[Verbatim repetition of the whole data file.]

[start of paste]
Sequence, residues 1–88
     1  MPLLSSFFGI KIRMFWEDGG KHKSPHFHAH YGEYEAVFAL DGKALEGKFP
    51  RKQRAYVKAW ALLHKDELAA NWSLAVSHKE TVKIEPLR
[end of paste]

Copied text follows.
Sequence, residues 1–88
     1  MPLLSSFFGI KIRMFWEDGG KHKSPHFHAH YGEYEAVFAL DGKALEGKFP
    51  RKQRAYVKAW ALLHKDELAA NWSLAVSHKE TVKIEPLR